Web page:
Immediately after the fall of Abydos, Philip learnt the arrival of Sulpicius in Epeirus, but finding that the consul had already taken up his winterquarters, he took no farther measures to oppose him. Claudius, who had been sent to the support of the Athenians, was more enterprizing, and not content with guarding the coasts of Attica, he, by a bold stroke, surprised and plundered Chalcis. Philip, on this news, hastened to oppose him, but finding that Claudius had already quitted Chalcis, which he was not strong enough to hold, the king pushed on with great rapidity, in the hopes of surprising Athens itself, an object which, in fact, he narrowly missed. Foiled in this scheme, he avenged himself by laying waste the environs of the city, sparing in his fury neither the sepulchres of men, nor the sacred groves and temples of the gods. After this he repaired to Corinth, and took part in an assembly of the Achaeans, but failed in inducing that people to take part more openly in the war with the Romans; and having a second time ravaged the territory of Attica, returned once more into Macedonia. (Liv. 31.18, 22-26.)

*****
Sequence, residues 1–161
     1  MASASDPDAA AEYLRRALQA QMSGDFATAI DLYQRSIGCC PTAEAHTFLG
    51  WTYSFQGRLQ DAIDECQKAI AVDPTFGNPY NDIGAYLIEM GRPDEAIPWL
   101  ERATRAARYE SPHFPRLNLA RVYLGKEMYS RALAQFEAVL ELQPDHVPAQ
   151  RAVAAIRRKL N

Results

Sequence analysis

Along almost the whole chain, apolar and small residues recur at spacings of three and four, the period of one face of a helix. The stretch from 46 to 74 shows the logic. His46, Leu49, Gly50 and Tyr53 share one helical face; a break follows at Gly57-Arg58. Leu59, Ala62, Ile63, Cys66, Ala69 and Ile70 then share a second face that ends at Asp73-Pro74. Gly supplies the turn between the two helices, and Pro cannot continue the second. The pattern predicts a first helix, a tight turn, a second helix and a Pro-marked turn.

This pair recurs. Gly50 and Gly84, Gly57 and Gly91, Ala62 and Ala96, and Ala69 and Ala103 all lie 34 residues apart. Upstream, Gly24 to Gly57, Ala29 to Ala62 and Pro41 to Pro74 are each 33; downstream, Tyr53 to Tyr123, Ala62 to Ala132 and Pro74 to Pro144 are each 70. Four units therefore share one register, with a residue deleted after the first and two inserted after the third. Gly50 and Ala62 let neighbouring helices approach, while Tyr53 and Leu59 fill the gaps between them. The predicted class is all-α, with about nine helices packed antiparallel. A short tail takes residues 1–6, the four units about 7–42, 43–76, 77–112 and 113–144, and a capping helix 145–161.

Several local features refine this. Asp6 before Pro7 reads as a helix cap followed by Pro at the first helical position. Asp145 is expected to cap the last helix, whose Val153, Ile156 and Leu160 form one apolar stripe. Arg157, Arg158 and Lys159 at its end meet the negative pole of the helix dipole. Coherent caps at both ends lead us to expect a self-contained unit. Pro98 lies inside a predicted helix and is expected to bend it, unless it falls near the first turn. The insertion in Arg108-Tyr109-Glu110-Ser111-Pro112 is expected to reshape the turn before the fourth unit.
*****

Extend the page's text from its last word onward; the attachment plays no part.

The consul, Sulpicius, was now, at length, ready to take the field, B. C. 199. He had already gained some slight successes through his lieutenant, L. Apustius, and had been joined by the Illyrian prince Pleuratus, Amynander, king of Athamania, and the Dardanian, Bato. The Aetolians, on the contrary, though strongly solicited both by Philip and the Romans, as yet declined to take part in the war. Sulpicius advanced through Dassaretia. where Philip met him with his main army, and several unimportant actions ensued, in one of which, near Octolophus, the Romans gained the victory; and this advantage, though of little consequence in itself, had the effect of deciding the Aetolians to espouse the Roman cause, and they joined with Amynander in an inroad into Thessaly. At the same time the Dardanians invaded Macedonia from the north, and Philip found it necessary to make head against these new enemies. He accordingly quitted his strong position near the camp of Sulpicius, and having eluded the vigilance of the Roman general, effected his retreat unmolested into Macedonia, from whence he sent Athenagoras against the Dardanians, while he himself hastened to attack the Aetolians, who were still in Thessaly, intent only upon plunder. Philip fell upon them by surprise, put many of them to the sword, and totally defeated their army, which would have been utterly destroyed, had it not been for their ally, Amynander. The Roman general meanwhile, after pushing on into Eordaea and Orestis, where he took the city of Celetrus, had fallen back again into Epeirus, without effecting anything of importance: the Dardanians had been repulsed and defeated by Athenagoras, and thus, on the whole, the result of the campaign had been certainly not unfavorable to Philip. (Liv. 31.27-43.)